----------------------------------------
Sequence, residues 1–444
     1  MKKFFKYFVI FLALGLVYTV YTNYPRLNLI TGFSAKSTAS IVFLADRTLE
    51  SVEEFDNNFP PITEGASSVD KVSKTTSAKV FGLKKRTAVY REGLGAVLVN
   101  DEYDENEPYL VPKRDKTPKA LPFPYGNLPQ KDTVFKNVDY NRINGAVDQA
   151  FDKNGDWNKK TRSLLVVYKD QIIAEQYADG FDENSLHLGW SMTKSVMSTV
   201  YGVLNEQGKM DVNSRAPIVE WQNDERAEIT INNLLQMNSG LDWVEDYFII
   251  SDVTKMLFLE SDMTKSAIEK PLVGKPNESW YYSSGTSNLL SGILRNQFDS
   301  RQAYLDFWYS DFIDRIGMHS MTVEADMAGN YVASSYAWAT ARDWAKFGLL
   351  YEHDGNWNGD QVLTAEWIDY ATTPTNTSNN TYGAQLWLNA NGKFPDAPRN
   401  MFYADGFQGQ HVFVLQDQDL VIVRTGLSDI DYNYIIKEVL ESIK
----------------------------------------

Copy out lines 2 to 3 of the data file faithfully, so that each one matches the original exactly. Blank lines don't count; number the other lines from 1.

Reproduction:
     1  MKKFFKYFVI FLALGLVYTV YTNYPRLNLI TGFSAKSTAS IVFLADRTLE
    51  SVEEFDNNFP PITEGASSVD KVSKTTSAKV FGLKKRTAVY REGLGAVLVN